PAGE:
Wednesday, September 21, 2011

What Does “Poker” Mean Today?

Double rainbowJust listened to F-Train and Chops’ discussion from yesterday regarding the U.S. Department of Justice’s amendment to the civil complaint, a.k.a. “Terrible Tuesday.” Both bring up several good points, making the conversation worth a listen for those curious about what happened and what may come next.

At the very beginning of the 45-minute conversation, F-Train noted how yesterday’s action by the DOJ was “not good for anybody” -- including (he explained) Full Tilt Poker, its shareholders, its former players hoping for the return of their funds, and those hoping for the return of online poker to the U.S.

It is that latter point that seems most clear today. Poker -- especially online poker -- has taken another severe hit in America. That screenshot from CNN that I added to yesterday’s post might as well serve as a kind of emblem for what “poker or “online poker” means to the average American today.

“Poker site accused of skimming $440M?” Why on earth would anyone put money on a poker site? You get what you deserve. As a commenter to the CNN story says (echoing others), “HAHA!! anybody that throws their hard earned cash to On-Line gamble site, deserves their fate.”

A poker site. Go ahead, pronounce the word like Joan Rivers did. Like she’s about to say “poison.” Remember? When she talked about poker players’ money having “blood on it.”

As I mentioned yesterday, the fact that Full Tilt Poker managed to pull off looking as though it were a “legitimate poker site” -- when it appears clear it was anything but -- will be cited by proponents of licensed and regulated poker in the U.S. But such proponents now find themselves arguing for something with which even fewer sympathize. Especially legislators.

“Terrible Tuesday” might’ve helped highlight the need. But it didn’t do much for the cause.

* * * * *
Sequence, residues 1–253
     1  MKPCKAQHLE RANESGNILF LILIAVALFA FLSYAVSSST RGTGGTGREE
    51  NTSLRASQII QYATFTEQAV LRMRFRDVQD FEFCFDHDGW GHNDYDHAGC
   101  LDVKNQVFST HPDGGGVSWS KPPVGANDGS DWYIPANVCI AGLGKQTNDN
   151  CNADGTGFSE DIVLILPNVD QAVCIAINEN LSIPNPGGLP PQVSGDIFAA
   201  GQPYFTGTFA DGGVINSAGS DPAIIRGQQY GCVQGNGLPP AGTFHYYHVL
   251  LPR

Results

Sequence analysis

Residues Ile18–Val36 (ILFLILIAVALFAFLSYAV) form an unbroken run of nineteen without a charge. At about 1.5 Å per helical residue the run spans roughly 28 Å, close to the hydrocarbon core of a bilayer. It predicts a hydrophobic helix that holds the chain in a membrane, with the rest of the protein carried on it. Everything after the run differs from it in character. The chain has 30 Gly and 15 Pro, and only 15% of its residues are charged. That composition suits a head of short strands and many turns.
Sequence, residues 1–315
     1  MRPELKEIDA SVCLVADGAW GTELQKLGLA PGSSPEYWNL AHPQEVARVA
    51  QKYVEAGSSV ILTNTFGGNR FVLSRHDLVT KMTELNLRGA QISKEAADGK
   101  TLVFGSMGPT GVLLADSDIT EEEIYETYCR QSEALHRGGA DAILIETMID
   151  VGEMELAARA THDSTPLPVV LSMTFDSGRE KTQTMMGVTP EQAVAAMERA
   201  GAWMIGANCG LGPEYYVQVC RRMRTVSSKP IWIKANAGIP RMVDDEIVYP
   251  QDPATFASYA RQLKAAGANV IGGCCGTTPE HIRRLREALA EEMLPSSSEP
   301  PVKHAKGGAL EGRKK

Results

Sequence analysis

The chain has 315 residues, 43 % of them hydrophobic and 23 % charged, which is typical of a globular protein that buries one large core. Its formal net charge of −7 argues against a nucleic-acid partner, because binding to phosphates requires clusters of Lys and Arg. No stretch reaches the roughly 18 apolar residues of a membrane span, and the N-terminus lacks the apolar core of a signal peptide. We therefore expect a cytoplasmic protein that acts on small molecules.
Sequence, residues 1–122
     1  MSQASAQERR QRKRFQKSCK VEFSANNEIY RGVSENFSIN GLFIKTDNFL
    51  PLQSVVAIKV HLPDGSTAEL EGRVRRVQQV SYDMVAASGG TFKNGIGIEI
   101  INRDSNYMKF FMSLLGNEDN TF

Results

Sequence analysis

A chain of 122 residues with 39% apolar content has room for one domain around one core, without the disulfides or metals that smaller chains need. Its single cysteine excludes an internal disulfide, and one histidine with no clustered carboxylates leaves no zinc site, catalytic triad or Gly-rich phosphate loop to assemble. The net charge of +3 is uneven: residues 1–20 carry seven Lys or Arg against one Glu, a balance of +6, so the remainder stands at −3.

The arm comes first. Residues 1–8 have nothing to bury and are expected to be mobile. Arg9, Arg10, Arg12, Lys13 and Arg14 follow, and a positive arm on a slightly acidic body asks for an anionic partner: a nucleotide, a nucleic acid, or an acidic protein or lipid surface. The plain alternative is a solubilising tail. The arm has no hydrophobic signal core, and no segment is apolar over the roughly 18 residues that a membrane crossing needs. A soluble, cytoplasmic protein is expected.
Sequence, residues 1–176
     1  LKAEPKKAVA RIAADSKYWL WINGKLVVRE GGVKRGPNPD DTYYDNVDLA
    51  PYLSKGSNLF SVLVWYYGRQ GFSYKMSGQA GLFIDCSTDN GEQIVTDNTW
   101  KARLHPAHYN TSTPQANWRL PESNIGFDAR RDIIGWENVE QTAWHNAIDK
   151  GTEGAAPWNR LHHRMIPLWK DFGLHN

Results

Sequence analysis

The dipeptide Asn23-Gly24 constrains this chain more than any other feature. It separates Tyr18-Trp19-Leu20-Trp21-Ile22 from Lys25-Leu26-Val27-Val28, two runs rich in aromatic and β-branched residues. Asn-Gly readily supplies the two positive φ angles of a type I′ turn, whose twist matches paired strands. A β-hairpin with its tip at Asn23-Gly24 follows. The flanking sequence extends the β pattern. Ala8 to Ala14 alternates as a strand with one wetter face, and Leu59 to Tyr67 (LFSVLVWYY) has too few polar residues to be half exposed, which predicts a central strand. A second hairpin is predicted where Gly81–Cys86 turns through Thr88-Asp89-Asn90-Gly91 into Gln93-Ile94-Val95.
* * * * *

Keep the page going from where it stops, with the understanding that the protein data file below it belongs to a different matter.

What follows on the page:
No, it’s not good.

Full Tilt Poker, Yesterday & Today“Full Tilt Poker was an online poker card room” begins the newly-updated Wikipedia entry. Past tense. That change was actually made a few days ago, I believe. Although the first paragraph -- noting the allegations that owners skimmed hundreds of millions from players -- that was added yesterday afternoon. The site’s new legacy.

Near the end of their conversation, F-Train and Chops marveled a little at how Full Tilt’s handling of things since Black Friday -- and these latest allegations -- have eclipsed the once-ultimate-seeming failures of UltimateBet. Whereas UB had long occupied that place in our thinking as the site where things couldn’t have gotten worse, Full Tilt Poker has now claimed the honor.

“Whatever the actual facts are,” F-Train carefully added, “the perception of the facts, is that Full Tilt Poker is the scummiest scum of poker companies.”

And that’s really the point right now -- that whatever really is the case, the perception is so thoroughly damaging that poker in general and online poker in particular have an enormous obstacle to overcome, image-wise, in order to recover anything close to the level of acceptance in American culture the game enjoyed just a few short years ago.

I think about a line in John Lukacs’ “Poker and American Character,” an essay I have written about before (here and here) and which I now have my Poker in American Film and Culture class read.

Lukacs speaks of poker as “the game closest to the Western conception of life” insofar as it is a game in which “free will prevails over philosophies of fate or of chance, where men are considered free moral agents, and where -- at least in the short run -- the important thing is not what happens but what people think happens.”

The line comes early in the essay and helps set up a larger observation about “American” values (such as freedom, independence, entrepreneurial urges, our readiness to take risks, the importance of money, etc.) and how they are reinforced or at least given a context in which to be furthered by poker.

I like the existentialist notion present in the observation, that poker is a game in which we are constantly afforded the freedom to make what we will of it. Lukacs (who is from Hungary) later points out how even the way Americans play poker -- with thousands of variants and other agreed-upon rules -- could be said to reflect a similar idea.

We make our own meaning of the game. So do our opponents. And so do those who have never been dealt a hand.

So what does “poker” mean to you today? Hard to say? I know the feeling. Let’s have a look at some rainbows and think about it.

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Blogger PokerLawyer said...

I'm glad you brought up Joan Rivers, and made the connection...lots of people feeling that way today. Sad.

9/22/2011 12:25 PM  

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